Friday Creature Feature: Black Bear

What marks spring in the Sky Islands better than the sight of bear coming out of hibernation*? In honor of this species—a harbinger of warmer months and blooming florawe’re dedicating today’s Friday Creature Feature to black bear. 


Common — Black bear 

Scientific — Ursus americanus 

Spanish — Oso negro

A black bear detected on one of our Border Wildlife Study cameras. Credit: Sky Island Alliance



Almost everyone knows what a black bear looks like. Just hearing the name conjures up images of a hulking, black-furred quadruped that hibernates* through the winter and emerges in the spring to eat berries and have cubsAfter all, the black bear is the most common bear species in the United Statesfound in 80% of U.S. states (source: Arizona-Sonora Desert Museum). 

Fun fact: Smokey Bear, the mascot for the U.S. Forest Service, is a black bear.

Despite being called “black bear,” this species can have black, brown, golden brown, blue-ish, or (rarely) white fur. Black bear is also smaller than grizzly bear—but don’t let that fool you! Male black bear, known as boars, still weigh in around 600 pounds! That’s nearly four times greater than the weight of female black bear (sows), which average around 150 pounds. 


Black bear are found throughout North America in Canada, the United States, and Mexico. In Arizona, they are the only bear species. Black bear tend to adapt to their environment, eating whatever food is available and making dens in caves or cliff overhangs. In the southwest, this includes abandoned mining shafts that haven’t been sealed off. 

Black bear prefer to make their homes in areas with tree cover. In our Border Wildlife Study, they are most often detected by our trail cameras in the oak woodlands of the Huachuca and Patagonia Mountains. 

They are also migratory and can have up to 20 square miles in their territory (though some sources say their range can extend to 100 square miles)! In the Sky Island region, this territory includes places where the U.S.-Mexico border wall are in place. Through tracking, we have documented areas where black bear has squeezed under wire fencing or between Normandy-style vehicle barriers in order to travel between countries. 

A black bear track documented near the U.S.-Mexico border in November 2019. Credit: Sky Island Alliance



Despite the infamous reputation bear species have, black bear are mild in disposition. They are most active at dawn and dusk. Like other bear species, black bear go into hibernation* for the winter—which means they slow down their metabolism and use their thick fur coats to keep them warm so they burn less energy. Hibernation* for black bear can last up to 100 days (source: North American Bear Center).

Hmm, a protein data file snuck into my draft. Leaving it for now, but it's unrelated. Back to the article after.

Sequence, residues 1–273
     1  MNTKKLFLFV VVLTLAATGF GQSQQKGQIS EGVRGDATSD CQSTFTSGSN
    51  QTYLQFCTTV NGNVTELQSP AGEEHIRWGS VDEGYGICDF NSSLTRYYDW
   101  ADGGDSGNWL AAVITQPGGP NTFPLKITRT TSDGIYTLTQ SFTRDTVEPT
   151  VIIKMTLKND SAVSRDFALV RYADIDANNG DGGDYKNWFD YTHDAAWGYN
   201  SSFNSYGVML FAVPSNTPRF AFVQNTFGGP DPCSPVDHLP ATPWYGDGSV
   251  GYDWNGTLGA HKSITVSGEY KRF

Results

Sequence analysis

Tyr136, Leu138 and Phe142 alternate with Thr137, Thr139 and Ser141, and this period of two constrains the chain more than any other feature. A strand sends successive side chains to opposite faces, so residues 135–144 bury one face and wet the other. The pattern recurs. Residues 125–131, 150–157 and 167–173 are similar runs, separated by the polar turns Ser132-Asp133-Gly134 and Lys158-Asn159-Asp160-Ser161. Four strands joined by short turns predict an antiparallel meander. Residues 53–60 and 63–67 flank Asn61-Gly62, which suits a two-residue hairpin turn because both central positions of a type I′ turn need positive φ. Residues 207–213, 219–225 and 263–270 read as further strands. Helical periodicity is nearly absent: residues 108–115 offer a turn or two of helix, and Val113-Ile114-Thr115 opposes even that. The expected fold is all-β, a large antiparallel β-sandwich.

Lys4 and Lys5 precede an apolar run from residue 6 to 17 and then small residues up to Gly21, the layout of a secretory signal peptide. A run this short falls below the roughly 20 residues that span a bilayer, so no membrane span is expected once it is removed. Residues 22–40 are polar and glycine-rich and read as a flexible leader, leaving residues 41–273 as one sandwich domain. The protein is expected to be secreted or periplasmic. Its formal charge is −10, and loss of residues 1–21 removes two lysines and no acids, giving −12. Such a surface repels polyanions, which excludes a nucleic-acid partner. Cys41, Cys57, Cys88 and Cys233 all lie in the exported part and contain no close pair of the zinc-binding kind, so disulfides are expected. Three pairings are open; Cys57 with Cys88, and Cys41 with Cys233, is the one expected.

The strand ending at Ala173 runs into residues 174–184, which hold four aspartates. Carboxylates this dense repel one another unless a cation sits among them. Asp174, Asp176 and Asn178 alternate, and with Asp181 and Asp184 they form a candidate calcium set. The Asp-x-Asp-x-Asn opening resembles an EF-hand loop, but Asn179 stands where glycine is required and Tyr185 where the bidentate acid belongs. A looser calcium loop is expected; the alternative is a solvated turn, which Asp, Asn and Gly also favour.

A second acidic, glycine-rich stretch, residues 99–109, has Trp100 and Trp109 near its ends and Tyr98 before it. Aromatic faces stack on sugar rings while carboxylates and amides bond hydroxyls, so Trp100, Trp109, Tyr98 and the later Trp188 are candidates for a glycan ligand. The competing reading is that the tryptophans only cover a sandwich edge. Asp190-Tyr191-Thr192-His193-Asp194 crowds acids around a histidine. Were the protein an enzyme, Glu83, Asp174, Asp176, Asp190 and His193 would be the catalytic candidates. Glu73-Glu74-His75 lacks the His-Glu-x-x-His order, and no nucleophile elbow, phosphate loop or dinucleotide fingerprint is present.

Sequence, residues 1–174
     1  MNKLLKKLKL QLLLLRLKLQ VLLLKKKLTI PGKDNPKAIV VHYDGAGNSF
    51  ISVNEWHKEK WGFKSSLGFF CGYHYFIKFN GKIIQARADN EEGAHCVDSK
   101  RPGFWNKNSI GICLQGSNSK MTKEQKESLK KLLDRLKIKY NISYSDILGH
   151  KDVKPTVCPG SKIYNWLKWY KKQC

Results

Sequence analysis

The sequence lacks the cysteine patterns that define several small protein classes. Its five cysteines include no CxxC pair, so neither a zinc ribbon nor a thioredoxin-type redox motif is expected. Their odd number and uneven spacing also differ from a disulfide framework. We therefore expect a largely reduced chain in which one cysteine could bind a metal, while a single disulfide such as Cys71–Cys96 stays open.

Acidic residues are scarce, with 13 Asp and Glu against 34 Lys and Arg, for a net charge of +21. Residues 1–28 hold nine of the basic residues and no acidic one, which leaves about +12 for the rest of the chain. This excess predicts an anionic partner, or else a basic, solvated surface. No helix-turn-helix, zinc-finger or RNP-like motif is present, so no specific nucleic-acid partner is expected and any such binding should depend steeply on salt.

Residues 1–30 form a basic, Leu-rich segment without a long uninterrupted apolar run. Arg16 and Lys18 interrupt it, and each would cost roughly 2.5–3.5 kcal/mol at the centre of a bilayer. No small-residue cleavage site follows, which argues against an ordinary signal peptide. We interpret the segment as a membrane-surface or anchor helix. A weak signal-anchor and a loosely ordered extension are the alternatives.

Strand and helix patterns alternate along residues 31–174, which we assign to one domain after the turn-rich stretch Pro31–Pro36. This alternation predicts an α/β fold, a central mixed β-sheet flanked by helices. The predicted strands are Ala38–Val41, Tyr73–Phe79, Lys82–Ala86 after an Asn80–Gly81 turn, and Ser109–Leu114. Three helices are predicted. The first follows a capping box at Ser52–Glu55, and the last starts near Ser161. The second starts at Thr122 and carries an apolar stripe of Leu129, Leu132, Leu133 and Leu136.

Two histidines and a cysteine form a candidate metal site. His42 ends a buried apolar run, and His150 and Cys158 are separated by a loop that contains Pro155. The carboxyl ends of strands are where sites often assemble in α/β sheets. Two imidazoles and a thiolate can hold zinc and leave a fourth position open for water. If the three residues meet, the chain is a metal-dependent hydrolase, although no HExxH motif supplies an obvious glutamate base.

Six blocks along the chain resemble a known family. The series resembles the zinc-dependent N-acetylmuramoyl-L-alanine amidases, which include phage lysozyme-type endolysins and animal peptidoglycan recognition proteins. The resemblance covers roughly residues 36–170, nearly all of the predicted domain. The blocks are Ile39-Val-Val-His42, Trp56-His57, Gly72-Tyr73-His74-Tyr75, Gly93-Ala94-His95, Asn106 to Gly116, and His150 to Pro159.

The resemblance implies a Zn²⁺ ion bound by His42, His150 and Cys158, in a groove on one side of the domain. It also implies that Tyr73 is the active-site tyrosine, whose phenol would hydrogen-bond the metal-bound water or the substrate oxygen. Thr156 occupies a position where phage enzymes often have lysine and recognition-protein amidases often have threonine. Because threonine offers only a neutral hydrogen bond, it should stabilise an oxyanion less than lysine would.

Female bears will often mate during the summer months and be pregnant before hibernation*. During this period, they will birth their cubs, usually two or three in a litter.

*Fun fact: Bear species in general don’t actually experience true “hibernation.” Instead, they undergo a period of winter lethargy called “shallow torpor,” a lowered state of body function. (Source: Mammalogy: Adaptation, Diversity, Ecology.)

Black bear can swim and like to wallow in springs during our region’s hot summer days. They can also run up to 30 mph and climb trees. This species generally lives around 20-25 years in the wild and is mostlvulnerable to starvation and hunting.

Two black bear cubs. Credit: Sky Island Alliance


A black bear wallowing in a cool spring! Credit: Sky Island Alliance



Black bear are master foragers. They eat insects, berries, seeds, nuts (like acorns), fruits, and succulent plants, as well as sometimes carrion if pickings are scarce. Their sense of smell is excellent, allowing them to pick up the scent of food sources from over a mile away (source: NPS)! 


Multiple sources estimate that North America’s black bear population is over 750,000. This species’ population is considered healthy and is not on any list.


Kenagy, G. J.. (2017). Mammalogy: Adaptation, Diversity, Ecology . Fourth Edition. By George A. Feldhamer, Lee C. Drickamer, Stephen H. Vessey, Joseph F. Merritt, and Carey Krajewski. Baltimore (Maryland): Johns Hopkins University Press.